By now, many of us have heard about the horrible snowplow accident actor Jeremy Renner suffered on January 1 while operating a 14,333-pound PistenBully, a heavy duty snowcat, at his home in Nevada. But what exactly went wrong and how can snow operators avoid such serious injuries?
Washoe Country Sheriff Darin Balaam reported last week that while they are “still conducting interviews and processing items from the scene” it appears to be a “tragic accident” that occurred when Renner was trying to move a vehicle, driven by a family member, that had become stuck in the snow.
“After successfully towing his vehicle from its stuck location, Mr. Renner got out of his PistenBully to speak to his family member. At this point, it was observed that the Piston Bully started to roll. In an effort to stop the rolling PistenBully, Mr. Renner attempts to get in the driver’s seat of the PistenBully. Based on our investigation, it is at this point that Mr. Renner is run over by the PistenBully,” reported Balaam. He said police are currently in possession of the snowcat and are investigating why it began to roll. PistenBully is owned by Kassbohrer, headquartered in Germany. (The company has not released a statement.)
According to a Jalopnik article by Steve DaSilva, “Given the generic late-Cold-War-Era Default Car Face of Renner’s particular PistenBully, it seems to be an older model, perhaps something that was bought new by a ski resort and sold off when it was replaced by a newer unit. Looking at the engine cover, window design, and badging, it’s most likely a PB240D — a mid-range PistenBully model from the 1980s.” The article continues, “Snowcats are enormous, treaded vehicles used to maintain ski trails, or for transportation in isolated, unplowed regions. In towing his family member’s vehicle out of the snow, Renner did seem to be using the snowcat as intended, but the question remains: Why does a movie star have an industrial piece of snow-moving equipment?”
Participants of Plowsite.com, a forum community of ice and snow management professionals, commented that “Tracked vehicles aren’t known for rolling on their own, let alone a snow covered road.” They also emphasized the difficulty of operating such heavy equipment and the expertise required. So while there seems to be an idea as to what happened, exactly why it happened is still unclear.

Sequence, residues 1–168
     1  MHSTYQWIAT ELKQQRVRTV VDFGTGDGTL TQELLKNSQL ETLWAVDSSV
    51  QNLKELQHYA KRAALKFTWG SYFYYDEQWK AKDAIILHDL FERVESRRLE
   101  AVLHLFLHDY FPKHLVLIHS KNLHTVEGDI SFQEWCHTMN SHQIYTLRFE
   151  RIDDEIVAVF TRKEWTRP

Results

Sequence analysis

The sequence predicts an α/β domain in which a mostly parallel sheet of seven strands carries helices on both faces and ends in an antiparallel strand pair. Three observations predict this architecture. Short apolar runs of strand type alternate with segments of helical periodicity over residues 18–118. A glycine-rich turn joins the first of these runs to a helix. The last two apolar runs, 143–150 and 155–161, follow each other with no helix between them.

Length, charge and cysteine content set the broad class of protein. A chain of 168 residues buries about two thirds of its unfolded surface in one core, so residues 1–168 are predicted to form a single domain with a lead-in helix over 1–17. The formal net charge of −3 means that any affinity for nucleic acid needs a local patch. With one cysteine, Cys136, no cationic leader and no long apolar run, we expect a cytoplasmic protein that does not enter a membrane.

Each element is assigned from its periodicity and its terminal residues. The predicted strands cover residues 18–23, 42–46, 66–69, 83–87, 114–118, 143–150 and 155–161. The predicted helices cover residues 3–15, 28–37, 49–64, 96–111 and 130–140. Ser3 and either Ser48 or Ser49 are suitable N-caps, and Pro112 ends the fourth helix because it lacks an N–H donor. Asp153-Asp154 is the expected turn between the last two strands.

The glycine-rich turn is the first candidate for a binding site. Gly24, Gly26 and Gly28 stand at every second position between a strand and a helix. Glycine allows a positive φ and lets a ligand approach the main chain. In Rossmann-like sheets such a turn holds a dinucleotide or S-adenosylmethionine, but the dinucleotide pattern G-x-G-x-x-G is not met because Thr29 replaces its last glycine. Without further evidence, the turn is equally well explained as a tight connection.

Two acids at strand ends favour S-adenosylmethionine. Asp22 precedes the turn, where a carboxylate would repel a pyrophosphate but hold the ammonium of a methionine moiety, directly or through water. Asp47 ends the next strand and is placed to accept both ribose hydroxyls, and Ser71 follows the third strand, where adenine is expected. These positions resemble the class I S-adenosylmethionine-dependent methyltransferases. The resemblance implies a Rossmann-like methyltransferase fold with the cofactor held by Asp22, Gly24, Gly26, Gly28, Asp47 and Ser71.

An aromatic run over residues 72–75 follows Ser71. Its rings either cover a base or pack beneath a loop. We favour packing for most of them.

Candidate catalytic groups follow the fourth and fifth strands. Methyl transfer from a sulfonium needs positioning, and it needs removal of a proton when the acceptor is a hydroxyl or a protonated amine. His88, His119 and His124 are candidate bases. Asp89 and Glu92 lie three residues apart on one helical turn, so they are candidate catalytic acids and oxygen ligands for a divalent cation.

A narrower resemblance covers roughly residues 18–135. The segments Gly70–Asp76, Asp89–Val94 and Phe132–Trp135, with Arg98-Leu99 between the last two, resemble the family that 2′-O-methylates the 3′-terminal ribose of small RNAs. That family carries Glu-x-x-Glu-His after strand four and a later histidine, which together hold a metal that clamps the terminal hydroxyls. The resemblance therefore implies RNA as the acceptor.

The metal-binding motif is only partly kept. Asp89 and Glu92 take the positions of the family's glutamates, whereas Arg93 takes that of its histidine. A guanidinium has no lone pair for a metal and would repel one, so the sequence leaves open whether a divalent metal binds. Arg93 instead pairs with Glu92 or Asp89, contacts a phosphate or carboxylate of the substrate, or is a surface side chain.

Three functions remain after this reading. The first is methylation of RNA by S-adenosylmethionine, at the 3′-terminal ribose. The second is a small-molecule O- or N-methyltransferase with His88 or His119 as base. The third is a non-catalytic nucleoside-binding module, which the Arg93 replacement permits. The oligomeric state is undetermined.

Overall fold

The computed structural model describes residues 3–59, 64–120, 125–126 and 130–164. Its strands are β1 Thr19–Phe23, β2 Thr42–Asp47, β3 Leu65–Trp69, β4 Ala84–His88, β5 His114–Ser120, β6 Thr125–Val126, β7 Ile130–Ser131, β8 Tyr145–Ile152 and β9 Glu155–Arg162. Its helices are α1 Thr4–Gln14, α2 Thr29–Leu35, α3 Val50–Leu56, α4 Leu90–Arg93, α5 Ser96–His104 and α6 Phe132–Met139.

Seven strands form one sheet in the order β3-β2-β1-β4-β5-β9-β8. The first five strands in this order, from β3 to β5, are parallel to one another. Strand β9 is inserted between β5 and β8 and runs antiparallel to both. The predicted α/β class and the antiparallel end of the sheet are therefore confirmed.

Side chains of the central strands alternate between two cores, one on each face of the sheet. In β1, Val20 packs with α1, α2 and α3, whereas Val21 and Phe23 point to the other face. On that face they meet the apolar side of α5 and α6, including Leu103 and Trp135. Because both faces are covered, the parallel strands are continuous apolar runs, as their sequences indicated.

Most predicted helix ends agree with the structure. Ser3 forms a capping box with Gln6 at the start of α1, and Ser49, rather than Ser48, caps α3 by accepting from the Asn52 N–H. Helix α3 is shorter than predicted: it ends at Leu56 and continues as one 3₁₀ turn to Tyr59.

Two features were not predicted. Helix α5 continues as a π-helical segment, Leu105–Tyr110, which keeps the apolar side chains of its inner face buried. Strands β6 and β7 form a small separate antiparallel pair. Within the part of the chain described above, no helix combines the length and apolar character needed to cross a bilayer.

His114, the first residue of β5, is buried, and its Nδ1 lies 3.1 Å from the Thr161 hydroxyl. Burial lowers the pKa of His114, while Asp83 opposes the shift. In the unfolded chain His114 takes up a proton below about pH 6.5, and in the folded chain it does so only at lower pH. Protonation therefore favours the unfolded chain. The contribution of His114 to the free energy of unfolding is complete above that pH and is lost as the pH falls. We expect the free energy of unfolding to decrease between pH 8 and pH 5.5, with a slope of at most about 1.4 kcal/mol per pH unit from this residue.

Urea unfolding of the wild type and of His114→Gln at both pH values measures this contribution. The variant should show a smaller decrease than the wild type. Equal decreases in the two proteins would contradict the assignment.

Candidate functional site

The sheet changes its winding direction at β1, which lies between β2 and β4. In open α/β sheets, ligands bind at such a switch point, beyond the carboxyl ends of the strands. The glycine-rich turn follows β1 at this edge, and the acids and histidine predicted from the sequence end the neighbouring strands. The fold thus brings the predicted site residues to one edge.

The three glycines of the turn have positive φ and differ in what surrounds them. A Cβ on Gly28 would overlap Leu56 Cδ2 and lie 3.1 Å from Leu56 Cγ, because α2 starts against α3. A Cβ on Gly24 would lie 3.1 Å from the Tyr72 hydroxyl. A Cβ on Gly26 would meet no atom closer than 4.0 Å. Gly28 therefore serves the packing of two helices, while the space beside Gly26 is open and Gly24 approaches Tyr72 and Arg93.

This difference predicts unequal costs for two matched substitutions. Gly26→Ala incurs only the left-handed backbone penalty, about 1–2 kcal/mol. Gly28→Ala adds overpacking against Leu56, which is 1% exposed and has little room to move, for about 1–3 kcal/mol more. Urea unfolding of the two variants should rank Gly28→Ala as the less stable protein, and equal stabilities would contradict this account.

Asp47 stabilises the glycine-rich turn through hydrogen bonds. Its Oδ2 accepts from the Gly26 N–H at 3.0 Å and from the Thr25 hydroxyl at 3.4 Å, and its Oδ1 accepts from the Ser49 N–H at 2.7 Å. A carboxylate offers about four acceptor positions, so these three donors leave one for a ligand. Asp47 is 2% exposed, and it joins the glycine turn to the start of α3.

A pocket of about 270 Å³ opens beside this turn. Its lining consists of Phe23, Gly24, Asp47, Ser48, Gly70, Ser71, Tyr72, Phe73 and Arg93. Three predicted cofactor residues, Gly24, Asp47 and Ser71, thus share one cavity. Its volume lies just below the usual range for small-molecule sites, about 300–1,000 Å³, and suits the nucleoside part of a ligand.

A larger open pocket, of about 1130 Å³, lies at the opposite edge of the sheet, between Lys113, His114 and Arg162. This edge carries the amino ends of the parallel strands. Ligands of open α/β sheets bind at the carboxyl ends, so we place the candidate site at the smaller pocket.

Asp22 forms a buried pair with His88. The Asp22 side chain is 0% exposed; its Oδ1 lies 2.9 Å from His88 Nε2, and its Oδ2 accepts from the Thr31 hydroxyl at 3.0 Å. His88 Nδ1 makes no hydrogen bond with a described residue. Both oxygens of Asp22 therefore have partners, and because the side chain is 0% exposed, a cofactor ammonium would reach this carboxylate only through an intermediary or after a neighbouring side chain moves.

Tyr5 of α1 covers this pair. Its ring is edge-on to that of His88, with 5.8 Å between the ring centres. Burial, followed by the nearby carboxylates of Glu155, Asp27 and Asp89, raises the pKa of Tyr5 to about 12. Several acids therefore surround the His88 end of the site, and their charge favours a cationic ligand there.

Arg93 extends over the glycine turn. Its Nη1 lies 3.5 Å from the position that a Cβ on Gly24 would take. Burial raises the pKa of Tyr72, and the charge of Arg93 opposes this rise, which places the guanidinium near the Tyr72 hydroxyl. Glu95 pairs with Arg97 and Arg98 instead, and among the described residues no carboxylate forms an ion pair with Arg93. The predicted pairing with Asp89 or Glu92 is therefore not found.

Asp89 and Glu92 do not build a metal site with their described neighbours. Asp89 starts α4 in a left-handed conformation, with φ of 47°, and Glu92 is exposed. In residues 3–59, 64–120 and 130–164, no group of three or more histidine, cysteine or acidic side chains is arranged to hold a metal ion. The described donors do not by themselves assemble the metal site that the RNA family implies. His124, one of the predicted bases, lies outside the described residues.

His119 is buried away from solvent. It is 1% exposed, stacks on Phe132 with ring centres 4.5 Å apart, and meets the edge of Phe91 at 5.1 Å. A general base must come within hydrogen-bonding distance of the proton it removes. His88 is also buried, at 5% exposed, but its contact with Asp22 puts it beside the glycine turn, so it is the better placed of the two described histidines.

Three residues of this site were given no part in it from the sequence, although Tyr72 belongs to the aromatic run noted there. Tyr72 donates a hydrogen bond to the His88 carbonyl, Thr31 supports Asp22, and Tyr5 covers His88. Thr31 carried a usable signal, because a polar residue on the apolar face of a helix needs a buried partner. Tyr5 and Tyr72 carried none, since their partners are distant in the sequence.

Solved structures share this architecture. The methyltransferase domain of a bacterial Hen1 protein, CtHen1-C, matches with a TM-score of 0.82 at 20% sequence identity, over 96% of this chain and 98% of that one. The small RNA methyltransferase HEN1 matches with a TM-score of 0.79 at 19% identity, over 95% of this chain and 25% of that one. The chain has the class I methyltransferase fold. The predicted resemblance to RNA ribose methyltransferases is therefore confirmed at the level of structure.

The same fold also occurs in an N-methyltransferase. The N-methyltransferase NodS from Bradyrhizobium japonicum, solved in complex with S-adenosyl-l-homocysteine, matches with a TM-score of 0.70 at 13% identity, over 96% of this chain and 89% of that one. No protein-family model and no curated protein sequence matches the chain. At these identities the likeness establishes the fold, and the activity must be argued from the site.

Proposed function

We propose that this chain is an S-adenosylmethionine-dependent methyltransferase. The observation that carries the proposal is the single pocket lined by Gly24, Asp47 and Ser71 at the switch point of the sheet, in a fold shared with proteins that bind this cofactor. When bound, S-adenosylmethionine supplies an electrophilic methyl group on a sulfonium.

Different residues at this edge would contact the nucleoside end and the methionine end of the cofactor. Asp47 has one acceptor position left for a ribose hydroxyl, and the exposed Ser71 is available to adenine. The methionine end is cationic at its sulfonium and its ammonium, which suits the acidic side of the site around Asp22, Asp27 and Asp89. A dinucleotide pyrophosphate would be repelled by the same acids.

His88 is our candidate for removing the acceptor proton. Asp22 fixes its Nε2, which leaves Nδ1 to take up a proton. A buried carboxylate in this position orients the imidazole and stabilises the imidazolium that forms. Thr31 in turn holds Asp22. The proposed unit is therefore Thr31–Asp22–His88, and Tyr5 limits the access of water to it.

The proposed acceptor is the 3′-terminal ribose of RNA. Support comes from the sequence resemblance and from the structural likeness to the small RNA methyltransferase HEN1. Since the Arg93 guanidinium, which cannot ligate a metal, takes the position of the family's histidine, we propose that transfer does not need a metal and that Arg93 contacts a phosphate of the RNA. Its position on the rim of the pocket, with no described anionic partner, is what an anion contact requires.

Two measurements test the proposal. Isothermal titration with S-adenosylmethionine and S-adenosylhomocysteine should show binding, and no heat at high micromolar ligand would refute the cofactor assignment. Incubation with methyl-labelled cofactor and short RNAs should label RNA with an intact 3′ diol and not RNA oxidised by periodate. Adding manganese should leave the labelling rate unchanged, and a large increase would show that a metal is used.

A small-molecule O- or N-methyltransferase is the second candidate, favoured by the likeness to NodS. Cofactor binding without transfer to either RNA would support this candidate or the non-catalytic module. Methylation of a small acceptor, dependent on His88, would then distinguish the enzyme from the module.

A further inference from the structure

While the equipment professionals use might be different from snowcats, Renner’s snowplow accident is a harrowing reminder of the importance of safety when operating any heavy duty snow equipment. According to the Snow & Ice Management Association (SIMA), “It’s easy to get complacent when you’re accustomed to operating snow removal equipment. But accidents and injuries are only a slip away if you don’t operate this equipment safely.”
Here are some safety tips to remember from SIMA:
Safe entry & exit
- Use handholds and steps to safely enter and exit.
- Always maintain three points of contact (e.g., two hands, one foot) with the truck or machine when entering and exiting. Break three-point contact only when you reach the ground, cab or platform.
- Never jump down or fall forward out of the vehicle.
- Never enter or exit or ascend and descend moving equipment. Before exiting, ensure safety brakes are engaged.
- Always wear your seatbelt.
- Ensure lights are always on and beacon is working if required.
- Avoid plowing in reverse whenever possible. Consistently scan while backing slowly since sight lines and blind spots are hindered. Whenever possible use spotters to scan for pedestrians, obstacles or vehicles.
- Stay ahead of the storm when possible by plowing before accumulations become unwieldy.
- Drive 45 mph or slower.
- Check that equipment is secure and properly mounted.
- Give extra time and space when driving a vehicle with equipment. The extra weight affects its handling and stopping distance.
Cover image: Adobe Stock of snow groomer by Sergey
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